But his manager Steve Robertson admitted to this writer that Raikkonen had been genuinely upset, and that that was at least as big a part of his stand-off with the team last week as the missing money.
That makes sense. After all, Raikkonen has not been paid all year. Why would a couple more days of no money have been enough to make him refuse to come to a race, if there was not another reason as well?
The Raikkonen-Lotus row split opinion in Abu Dhabi. Not many team people had sympathy for him blocking his team-mate, but some felt Raikkonen had a point when it came to the money side of things, that he had to make a stand now, while he still had some leverage before leaving the team for Ferrari at the end of the season.
Others felt he was being a bit childish and egocentric and pointed out that threatening the team with a winding-up order was an ill-considered course of action.
Genii, after all, is a huge company, with lots of fingers in lots of pies. It wants its F1 team as a useful way of provoking business deals, but it doesn't need it. The team are losing Genii a lot of money and if the group wanted it could close it down overnight. And then Raikkonen would definitely not get his money.
Lotus's cashflow problems are simply the most high-profile example of a problem that is afflicting several of the smaller teams, and Raikkonen is not the only driver who has not received a salary this season.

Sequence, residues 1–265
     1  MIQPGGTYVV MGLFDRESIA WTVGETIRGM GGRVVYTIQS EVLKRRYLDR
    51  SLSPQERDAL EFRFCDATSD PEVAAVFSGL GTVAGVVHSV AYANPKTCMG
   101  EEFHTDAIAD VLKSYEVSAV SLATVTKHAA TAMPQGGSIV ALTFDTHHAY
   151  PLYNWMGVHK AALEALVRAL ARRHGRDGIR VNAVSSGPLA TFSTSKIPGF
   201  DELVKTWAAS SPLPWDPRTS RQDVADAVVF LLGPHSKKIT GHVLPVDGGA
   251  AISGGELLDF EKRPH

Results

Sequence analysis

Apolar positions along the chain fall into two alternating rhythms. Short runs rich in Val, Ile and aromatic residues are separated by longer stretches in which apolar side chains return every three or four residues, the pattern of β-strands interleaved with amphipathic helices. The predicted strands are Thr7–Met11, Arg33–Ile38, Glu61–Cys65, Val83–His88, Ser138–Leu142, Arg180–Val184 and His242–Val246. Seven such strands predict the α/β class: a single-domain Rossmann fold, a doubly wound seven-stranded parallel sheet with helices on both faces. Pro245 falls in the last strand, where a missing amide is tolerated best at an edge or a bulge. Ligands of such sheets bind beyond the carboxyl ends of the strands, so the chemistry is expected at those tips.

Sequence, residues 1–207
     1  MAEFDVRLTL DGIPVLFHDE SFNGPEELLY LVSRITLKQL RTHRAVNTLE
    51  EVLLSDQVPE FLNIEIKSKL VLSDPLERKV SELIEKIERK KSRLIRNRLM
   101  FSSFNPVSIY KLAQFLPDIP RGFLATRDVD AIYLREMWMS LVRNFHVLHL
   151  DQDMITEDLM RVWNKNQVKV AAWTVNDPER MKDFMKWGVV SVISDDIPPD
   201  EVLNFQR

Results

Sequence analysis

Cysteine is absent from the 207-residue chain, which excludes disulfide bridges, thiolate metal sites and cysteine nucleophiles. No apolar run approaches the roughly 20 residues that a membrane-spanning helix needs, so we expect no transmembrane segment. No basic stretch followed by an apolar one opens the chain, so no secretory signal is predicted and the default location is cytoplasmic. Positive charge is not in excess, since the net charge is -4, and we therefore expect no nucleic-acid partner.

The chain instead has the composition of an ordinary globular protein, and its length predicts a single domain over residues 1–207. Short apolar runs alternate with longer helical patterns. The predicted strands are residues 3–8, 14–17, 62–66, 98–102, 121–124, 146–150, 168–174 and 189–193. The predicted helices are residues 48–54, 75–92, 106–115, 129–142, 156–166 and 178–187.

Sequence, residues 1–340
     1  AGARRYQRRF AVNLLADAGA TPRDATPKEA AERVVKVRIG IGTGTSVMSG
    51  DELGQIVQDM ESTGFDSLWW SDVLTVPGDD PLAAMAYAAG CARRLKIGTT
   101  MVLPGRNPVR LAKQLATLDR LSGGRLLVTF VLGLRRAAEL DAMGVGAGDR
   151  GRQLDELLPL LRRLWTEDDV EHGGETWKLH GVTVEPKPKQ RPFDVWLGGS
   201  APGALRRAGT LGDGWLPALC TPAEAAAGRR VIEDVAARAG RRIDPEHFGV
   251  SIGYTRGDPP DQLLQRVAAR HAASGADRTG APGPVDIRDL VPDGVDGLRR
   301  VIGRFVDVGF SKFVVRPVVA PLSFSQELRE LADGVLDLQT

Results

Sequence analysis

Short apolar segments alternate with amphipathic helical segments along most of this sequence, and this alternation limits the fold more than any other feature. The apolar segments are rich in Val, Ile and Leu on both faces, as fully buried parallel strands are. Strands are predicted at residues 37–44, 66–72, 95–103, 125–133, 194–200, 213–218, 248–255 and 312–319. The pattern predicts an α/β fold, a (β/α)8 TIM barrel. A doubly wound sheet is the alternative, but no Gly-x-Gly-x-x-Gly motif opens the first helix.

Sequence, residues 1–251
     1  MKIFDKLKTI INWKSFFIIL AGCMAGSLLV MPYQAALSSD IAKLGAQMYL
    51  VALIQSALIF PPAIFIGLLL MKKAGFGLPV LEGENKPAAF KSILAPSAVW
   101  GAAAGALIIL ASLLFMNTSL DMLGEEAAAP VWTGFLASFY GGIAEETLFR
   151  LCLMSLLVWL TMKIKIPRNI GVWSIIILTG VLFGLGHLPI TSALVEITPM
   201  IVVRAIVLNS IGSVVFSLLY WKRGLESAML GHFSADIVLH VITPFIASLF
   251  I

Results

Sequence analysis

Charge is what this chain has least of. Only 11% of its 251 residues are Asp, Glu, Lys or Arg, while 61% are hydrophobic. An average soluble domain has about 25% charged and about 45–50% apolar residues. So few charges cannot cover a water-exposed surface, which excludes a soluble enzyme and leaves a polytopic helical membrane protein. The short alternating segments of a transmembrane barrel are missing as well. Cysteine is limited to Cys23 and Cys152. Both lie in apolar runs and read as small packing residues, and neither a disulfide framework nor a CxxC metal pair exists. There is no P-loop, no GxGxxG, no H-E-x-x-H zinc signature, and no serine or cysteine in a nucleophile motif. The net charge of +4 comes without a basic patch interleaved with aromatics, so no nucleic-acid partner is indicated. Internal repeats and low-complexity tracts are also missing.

Mercedes executive director Toto Wolff was scathing in Abu Dhabi, saying: "Without wanting to be too hard because I have no knowledge of how the team is being run, you operate on the budgets you have available and this is how any normal company functions. You can't overspend. It is damaging F1. You have to have a sustainable business model."
Perhaps Lotus have been caught out by their own success in the last two seasons, they probably did not expect to be having to pay Raikkonen so much money after finishing fifth as Renault in 2010 and 2011, when their highest drivers' championship position was sixth with the much-missed Robert Kubica in 2010.
Either way, it seems there may be a light at the end of the tunnel. The businessman behind a US-Middle Eastern consortium called Quantum, which is said to be buying 35% of the team, said on Sunday that the deal was "definitely happening". In which case, Lotus will not only be able to pay Raikkonen but also sign Nico Hulkenberg, their preferred driver, for 2014.
By then, Raikkonen will be at Ferrari, where he will have no problems being paid but will be faced with Fernando Alonso as a team-mate.
Until now, all the talk has been about whether Alonso will be able to keep his head with Raikkonen's stony-faced presence in the team. After all, Alonso would have preferred to keep Felipe Massa and Ferrari's decision to replace him suggests they are not as committed as they used to be to their team leader.
But Raikkonen's actions over the last week have suggested that he, too, is vulnerable to emotions. He is, after all, a normal human being, even if he sometimes does a good job of hiding it behind a carefully constructed wall.
It adds an extra level of intrigue to what is already one of the key narratives of a season that does not start for four months.
Managing the pair of them will clearly test the finely honed political skills of Ferrari team principal Stefano Domenicali to the limit.
As one rival team boss put it to me in Abu Dhabi: "Good luck, Stefano. It's going to be fun watching from the outside."